3rd attempt, I kept the position but tilted the deflector away from the windshield a few degrees, trying to divert the air higher, over my head. That worked. I got the bike up to 70mph without getting jostled all over the place and haven't felt the need for ear plugs, either. Above 55mph, I can feel around my helmet and tell that the bottom of the turbulence is just skimming the top of my helmet now. It's tempting to try a few more degrees of angle but right now, I'm happy with the results.


For the first couple of hours of riding, I did find the deflector distracting but you shouldn't normally be trying to look through it, anyway. With eyes up where they should be, you'll be looking over the top and now I find it barely noticeable; In case you need to look down to avoid a pothole, it is transparent (although you can get it in smoke, too) and easy to see through. I can see how it would bother some people but like anything else, it just takes some getting used to.

Here are a couple more views of the mounted deflector.







All in all, it's a really well made deflector, although pricey, that should last indefinitely, be portable to other bikes and with a good range of adjustment do what it's designed for on any bike with a windshield.



Ride Safe!
PapaSmurfMC
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Old 06-10-2013, 11:48 PM   #2
tgmotoman
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Good review. Not my cup of tea but it may serve someone down the road.

Glad it worked for you.
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Old 06-12-2013, 11:16 PM   #3
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Quote:
Originally Posted by tgmotoman
Good review. Not my cup of tea but it may serve someone down the road.

Glad it worked for you.
Thanks. Can't say the look does anything for me but it works too well to take off.
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Old 06-13-2013, 12:30 AM   #4
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This is a serious business question so I actually don't mean to offend but are you sure you have your shield adjusted correctly? Proper positioning of the shield should eliminate the buffeting. The wind should hit the top of your head when riding as I understand.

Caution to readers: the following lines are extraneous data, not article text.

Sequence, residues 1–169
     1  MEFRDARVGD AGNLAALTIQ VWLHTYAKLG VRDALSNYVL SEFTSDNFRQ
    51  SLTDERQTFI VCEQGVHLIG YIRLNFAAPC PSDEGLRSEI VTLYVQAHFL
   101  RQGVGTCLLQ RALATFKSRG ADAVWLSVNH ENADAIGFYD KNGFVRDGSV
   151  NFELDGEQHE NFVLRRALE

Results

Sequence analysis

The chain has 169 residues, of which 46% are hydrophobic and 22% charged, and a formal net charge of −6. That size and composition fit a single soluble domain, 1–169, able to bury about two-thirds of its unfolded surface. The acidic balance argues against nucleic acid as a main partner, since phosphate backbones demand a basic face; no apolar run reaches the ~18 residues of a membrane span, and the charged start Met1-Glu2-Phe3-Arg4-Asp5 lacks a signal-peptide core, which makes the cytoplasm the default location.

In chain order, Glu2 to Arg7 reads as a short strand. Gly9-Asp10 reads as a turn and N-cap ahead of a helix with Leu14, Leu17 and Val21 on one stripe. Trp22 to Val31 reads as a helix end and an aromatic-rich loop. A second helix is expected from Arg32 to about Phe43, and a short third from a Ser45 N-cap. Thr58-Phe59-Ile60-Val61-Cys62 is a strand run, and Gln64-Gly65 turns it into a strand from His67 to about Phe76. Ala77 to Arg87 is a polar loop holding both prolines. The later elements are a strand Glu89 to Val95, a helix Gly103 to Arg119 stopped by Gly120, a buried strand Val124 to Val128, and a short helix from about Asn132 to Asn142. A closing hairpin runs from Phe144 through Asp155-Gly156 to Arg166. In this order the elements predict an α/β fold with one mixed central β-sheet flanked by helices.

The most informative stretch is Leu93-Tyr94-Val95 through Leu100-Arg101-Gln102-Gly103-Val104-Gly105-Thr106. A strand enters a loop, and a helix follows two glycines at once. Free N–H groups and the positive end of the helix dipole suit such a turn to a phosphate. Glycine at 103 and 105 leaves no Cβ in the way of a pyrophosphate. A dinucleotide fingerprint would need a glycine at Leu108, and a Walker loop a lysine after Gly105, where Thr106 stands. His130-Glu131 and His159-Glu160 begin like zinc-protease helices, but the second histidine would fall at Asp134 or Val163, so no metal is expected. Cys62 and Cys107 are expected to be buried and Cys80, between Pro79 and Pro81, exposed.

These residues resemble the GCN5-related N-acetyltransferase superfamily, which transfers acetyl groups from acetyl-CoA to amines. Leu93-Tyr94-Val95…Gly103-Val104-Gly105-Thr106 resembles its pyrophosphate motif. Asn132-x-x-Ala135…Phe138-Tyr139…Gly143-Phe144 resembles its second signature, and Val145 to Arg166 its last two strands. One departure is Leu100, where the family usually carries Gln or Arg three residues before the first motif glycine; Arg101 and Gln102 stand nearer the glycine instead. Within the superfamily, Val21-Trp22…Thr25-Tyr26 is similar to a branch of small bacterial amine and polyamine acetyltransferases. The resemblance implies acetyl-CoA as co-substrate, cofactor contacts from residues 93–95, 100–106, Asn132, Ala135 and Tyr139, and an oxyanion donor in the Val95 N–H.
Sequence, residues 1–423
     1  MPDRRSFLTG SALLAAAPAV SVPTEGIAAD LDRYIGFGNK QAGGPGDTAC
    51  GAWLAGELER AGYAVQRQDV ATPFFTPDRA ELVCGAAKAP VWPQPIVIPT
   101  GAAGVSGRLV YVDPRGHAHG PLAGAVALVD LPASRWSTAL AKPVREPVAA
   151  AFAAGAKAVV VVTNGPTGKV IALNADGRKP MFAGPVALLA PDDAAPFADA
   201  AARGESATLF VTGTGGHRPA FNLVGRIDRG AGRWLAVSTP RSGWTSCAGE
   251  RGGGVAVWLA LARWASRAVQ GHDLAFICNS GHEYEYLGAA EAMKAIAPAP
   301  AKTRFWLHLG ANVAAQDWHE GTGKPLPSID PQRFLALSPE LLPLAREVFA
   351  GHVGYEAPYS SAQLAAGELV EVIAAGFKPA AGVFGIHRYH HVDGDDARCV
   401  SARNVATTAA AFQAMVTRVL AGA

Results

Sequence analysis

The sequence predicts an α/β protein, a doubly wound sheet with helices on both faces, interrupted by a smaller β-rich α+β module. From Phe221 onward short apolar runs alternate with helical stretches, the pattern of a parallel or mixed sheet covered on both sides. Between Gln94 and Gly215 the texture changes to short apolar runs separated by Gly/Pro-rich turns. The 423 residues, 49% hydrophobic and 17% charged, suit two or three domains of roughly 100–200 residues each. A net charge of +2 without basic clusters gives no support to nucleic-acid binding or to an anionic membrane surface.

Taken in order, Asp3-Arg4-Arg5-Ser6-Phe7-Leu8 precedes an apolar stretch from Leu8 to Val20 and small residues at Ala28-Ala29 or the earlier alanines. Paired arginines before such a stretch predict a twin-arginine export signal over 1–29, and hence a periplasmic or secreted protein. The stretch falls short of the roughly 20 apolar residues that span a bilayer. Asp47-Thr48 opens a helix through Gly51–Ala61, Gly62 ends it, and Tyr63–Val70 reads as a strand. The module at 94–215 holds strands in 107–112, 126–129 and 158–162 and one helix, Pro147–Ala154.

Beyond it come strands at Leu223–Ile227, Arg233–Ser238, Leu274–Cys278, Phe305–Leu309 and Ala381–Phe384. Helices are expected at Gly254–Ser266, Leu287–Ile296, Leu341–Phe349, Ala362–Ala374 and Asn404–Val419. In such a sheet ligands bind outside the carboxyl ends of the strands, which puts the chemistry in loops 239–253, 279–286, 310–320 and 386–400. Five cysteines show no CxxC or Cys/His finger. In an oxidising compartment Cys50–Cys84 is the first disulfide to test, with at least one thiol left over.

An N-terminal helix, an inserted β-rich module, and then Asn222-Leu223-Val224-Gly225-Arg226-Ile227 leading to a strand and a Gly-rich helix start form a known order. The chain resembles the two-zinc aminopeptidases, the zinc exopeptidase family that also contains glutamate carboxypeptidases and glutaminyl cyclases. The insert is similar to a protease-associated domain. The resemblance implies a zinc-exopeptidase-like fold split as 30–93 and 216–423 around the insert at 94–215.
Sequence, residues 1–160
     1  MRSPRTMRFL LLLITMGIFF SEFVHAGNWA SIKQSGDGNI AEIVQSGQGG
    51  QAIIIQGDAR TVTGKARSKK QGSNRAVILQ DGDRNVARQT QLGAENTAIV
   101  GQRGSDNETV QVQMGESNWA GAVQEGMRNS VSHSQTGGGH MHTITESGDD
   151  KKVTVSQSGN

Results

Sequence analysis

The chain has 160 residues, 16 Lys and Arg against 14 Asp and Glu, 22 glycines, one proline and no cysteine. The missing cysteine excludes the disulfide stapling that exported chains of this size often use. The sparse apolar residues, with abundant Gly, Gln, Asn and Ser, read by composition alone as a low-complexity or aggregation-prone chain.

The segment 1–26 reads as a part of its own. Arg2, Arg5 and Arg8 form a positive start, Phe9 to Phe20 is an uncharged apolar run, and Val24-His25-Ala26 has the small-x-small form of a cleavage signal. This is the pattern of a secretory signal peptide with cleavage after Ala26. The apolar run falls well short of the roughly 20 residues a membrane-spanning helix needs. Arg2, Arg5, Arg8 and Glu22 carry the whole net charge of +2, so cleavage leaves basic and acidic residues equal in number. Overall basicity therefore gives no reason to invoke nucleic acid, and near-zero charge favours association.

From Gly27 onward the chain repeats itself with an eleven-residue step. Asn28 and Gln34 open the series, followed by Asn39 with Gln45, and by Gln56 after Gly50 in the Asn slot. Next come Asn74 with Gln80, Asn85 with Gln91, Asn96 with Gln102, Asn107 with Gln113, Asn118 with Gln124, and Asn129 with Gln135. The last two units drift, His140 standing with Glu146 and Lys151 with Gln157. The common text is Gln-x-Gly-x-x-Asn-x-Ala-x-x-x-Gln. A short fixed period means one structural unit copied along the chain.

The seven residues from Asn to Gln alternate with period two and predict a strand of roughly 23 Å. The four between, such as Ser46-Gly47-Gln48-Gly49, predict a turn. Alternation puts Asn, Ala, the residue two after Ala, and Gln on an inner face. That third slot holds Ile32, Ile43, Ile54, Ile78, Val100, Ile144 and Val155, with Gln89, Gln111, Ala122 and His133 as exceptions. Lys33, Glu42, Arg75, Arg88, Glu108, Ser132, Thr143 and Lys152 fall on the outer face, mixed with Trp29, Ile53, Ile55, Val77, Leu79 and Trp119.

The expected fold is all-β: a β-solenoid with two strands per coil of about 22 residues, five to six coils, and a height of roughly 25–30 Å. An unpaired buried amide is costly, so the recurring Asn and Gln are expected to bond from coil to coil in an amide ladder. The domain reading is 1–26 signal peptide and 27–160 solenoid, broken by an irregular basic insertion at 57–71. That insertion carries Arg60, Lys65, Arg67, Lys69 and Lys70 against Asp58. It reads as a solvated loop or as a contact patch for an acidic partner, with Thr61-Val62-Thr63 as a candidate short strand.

Did you do some research that suggested proper adjustment? I was lazy, didn't read much but the opening explaination skipping the product review so just curious.
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Old 06-14-2013, 11:45 PM   #5
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Quote:
Originally Posted by BaldEagle
This is a serious business question so I actually don't mean to offend but are you sure you have your shield adjusted correctly? Proper positioning of the shield should eliminate the buffeting. The wind should hit the top of your head when riding as I understand.

Did you do some research that suggested proper adjustment? I was lazy, didn't read much but the opening explaination skipping the product review so just curious.
No offense taken and I appreciate the interest. The top of the shield is right at nose level and is angled as far forward as it goes, which should push the air higher. I didn't want to shift the whole shield much higher because then I'll be looking through it all the time and it would open a big gap between the headlight and the bottom of the shield, letting a lot of air through there.

Shield came with the bike but I did check the installation instructions (http://www.memphisshades.com/mountin...-0043&start=40

Kind of at a loss for what else to try but wide open to suggestions.

Edit (6/15/13): Just because I hadn't tried it before and because someone is sure to suggest it, today I angled the windshield toward me, instead of away, and it was much much worse.